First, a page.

Like many others in the midst of the Great Resignation, Tom is leaving his company. Tom has worked as a top-tier project manager for an IT services company for over 5 years. He wasn’t looking for a new job, but when an acquaintance at another IT services company told him about where she worked, Tom thought it sounded too good to be true, so he decided to investigate.
Tom has been managing a challenging project for many months and has finally reached the end of his rope because his leaders aren’t giving him the resources he needs to succeed. Tom and other experienced staff members are being stretched beyond their limits while junior staff are underutilized because nobody is available to train and mentor them.
Tom’s boss was slow to relay his request for more people up the chain of command because she, too, is running at a frantic pace. When she finally made the request, her bosses only provided Tom with junior staff, who couldn’t help until someone brought them up to speed, which nobody had time to do.
Profit-First Approach Drives Turnover
What’s driving this gong show? “There is a big culture of achieving bonuses here and tremendous pressure to sell and achieve financial targets,” Tom said. Every week or two, employees receive a message notifying them about how close the company is to achieving its financial targets, and they are encouraged to bill more hours so the company can meet its revenue goals and everyone can achieve their bonuses. “I think their singular focus on achieving bonuses is driving a lot of good people out the door,” Tom remarked.
The executives at Tom’s company have made it clear that the company’s primary objective is to make money. Of course, the company has a purpose statement posted on the lunchroom wall with fluffy words and lofty ambitions, but everyone knows the executives only care about one thing: profit.
Mediocre companies think of their strategic priorities this way:
- Profit. “Our overarching goal is $______.”
- Customers. “We will target these markets, customers, and projects.”
- Products, Services & Processes. “We need to introduce these products and services and streamline our processes.”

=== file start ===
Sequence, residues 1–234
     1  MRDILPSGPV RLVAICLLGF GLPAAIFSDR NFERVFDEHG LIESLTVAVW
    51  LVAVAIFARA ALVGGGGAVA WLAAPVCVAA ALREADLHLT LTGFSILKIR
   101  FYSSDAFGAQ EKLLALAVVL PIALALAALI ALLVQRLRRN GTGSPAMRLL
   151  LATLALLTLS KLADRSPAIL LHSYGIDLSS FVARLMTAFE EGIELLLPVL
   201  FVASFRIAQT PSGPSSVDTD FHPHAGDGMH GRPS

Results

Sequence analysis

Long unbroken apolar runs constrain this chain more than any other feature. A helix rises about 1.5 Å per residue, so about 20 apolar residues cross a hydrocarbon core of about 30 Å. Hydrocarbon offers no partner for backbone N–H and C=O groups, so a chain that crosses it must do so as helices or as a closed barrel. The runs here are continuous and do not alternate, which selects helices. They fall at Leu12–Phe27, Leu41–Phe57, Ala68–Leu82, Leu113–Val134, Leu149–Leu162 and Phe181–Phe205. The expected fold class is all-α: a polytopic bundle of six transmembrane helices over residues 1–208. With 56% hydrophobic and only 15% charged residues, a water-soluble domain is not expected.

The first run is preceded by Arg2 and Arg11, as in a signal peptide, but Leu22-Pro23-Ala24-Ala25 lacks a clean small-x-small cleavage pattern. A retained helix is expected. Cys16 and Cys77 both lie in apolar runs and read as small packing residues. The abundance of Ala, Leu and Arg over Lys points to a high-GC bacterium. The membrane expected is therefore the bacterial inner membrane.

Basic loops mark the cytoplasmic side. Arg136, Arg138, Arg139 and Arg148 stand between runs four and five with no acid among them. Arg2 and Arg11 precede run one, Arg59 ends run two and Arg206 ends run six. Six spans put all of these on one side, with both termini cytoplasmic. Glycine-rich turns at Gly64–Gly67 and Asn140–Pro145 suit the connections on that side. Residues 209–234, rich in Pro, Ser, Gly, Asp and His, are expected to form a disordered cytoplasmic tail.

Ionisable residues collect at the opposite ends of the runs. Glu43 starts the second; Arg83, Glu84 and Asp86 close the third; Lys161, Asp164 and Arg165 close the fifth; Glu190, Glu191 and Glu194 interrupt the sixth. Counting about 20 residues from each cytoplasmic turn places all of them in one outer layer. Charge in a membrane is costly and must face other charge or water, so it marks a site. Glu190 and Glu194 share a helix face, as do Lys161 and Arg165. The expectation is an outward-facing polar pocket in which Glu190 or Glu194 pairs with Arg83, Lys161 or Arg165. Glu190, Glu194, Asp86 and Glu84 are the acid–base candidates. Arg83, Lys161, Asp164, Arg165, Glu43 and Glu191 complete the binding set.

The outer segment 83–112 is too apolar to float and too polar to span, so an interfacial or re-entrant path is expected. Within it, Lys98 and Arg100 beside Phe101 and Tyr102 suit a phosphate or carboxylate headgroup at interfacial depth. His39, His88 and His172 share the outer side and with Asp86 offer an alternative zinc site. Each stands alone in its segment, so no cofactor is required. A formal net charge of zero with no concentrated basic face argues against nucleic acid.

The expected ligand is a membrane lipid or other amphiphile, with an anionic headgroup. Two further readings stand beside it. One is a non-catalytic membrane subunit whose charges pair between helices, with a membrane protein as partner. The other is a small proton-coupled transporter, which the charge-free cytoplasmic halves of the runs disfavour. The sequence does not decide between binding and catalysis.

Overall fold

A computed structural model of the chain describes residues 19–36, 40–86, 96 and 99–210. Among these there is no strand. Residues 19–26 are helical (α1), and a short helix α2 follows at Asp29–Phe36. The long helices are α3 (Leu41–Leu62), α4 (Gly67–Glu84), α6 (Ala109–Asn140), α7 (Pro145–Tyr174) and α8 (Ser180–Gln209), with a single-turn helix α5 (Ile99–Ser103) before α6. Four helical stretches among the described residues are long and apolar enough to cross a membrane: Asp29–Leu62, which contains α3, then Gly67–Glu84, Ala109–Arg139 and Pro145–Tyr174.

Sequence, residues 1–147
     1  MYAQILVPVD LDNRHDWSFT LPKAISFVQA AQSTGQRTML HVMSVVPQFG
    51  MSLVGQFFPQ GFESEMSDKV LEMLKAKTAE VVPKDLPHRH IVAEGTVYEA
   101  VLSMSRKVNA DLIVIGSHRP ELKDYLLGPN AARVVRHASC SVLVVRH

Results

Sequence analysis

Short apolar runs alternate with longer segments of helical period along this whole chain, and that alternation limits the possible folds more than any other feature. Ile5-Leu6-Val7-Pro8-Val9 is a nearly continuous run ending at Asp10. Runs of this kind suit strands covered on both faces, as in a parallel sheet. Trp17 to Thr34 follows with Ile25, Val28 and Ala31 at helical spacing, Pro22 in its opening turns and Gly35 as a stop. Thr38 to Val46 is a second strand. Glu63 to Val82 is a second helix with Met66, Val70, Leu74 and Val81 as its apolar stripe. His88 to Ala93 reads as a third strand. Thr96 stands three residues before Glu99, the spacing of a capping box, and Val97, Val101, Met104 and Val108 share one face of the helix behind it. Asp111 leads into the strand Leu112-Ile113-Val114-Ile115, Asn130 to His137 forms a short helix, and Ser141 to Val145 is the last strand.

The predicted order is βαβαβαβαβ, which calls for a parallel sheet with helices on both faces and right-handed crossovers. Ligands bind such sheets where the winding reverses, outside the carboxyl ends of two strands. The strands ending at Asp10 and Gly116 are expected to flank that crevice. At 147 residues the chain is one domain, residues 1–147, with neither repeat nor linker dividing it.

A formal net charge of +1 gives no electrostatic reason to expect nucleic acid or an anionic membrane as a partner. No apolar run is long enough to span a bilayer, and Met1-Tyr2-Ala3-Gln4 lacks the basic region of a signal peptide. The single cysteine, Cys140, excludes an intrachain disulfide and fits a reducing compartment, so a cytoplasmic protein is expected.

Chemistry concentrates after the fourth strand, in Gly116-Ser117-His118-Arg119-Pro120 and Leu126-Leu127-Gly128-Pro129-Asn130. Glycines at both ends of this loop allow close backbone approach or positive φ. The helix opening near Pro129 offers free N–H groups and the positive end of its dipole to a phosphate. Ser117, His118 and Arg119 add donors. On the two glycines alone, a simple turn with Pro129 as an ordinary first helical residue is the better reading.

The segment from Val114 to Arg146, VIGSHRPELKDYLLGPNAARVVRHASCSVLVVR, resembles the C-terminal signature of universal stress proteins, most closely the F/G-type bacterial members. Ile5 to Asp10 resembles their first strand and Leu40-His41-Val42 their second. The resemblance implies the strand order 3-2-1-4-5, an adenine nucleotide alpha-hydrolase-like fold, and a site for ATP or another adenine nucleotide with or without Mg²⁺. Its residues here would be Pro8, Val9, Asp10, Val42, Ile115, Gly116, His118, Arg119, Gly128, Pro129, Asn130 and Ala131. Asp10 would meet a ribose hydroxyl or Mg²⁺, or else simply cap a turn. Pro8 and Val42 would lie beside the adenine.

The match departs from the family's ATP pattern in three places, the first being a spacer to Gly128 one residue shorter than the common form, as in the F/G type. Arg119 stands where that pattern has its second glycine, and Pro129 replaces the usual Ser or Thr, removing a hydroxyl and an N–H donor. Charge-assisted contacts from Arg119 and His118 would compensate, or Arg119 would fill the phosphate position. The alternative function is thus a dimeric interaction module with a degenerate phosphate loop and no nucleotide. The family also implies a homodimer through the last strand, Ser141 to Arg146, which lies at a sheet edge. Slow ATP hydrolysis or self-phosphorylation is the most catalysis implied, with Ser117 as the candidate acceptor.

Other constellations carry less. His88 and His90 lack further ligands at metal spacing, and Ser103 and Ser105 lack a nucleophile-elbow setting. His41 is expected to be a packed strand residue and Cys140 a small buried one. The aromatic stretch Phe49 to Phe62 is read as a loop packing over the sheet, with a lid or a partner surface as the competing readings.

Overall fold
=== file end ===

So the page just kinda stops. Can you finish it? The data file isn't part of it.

- Employees. “Oh, and I guess we’ll need a lot of people to do all this.”
A Proven Alternative
Thinking this way about strategic priorities is completely backwards from what research and experience have proven. Countless studies show that focusing on improving the employee experience drives tangible business results. One of the most comprehensive studies of its kind shows that higher employee engagement leads to a 10% increase in customer engagement, 22% higher profitability, 25–65% lower turnover, 48% fewer safety incidents, and 41% fewer quality defects.
Leaders of great companies have known the secret formula for success long before the research proved it. Herb Kelleher, celebrated founder of Southwest Airlines, described his success formula like this: “Employees come first, and if employees are treated right, they treat the outside world right, the outside world uses the company’s product again, and that makes the shareholders happy.” Disney’s “Chain of Excellence” begins with focusing on their purpose and providing great leadership, which leads to employee engagement, quality service, loyal customers, and sustained financial results. Costco puts people first by providing industry-leading wages and benefits and a culture of caring for employees.
Mediocre leaders try to motivate and retain employees with financial incentives. Great leaders give employees a compelling purpose to strive for that focuses on improving customers lives, and they put employee’s needs first, like this:
The Strategic Priority Sequence
- Compelling Purpose
- Engaged Employees
- Better Products, Services and Processes
- Engaged Customers
- Greater Profit
Engaged employees produce innovative products and they engage customers through exceptional customer service. Engaged customers provide greater and more sustained revenue, which helps the company achieve its purpose.
Exceptional companies are purpose-driven, people-first, and profit-fueled.
Employees are not more important than customers or profit, but their needs must be met first for the sequence to work.
So, what is it about Tom’s new opportunity that sounded too good to be true? His new company expects employees to be 75% utilized (billing 30 hours a week instead of 40) and to spend the other 25% of their time on personal development, mentoring others, and improving internal programs and processes. His new employer is also willing to accommodate his request to work a four-day week. Instead of trying to squeeze every possible nickel out of their employees, his new employer is willing to sacrifice some short-term profit for a healthily workplace culture and a sustainable workforce.
“Oh,” Tom said, “and they pay 25% more than my current employer.” It’s interesting that Tom mentioned the pay increase as an afterthought. Mediocre companies use money to manipulate their employees, whereas the way exceptional companies allocate money is an expression of their people-first approach.
Mediocre leaders are profit-driven. Great leaders are purpose-driven and people-first. Which one are you?
Written by Michael Timms.
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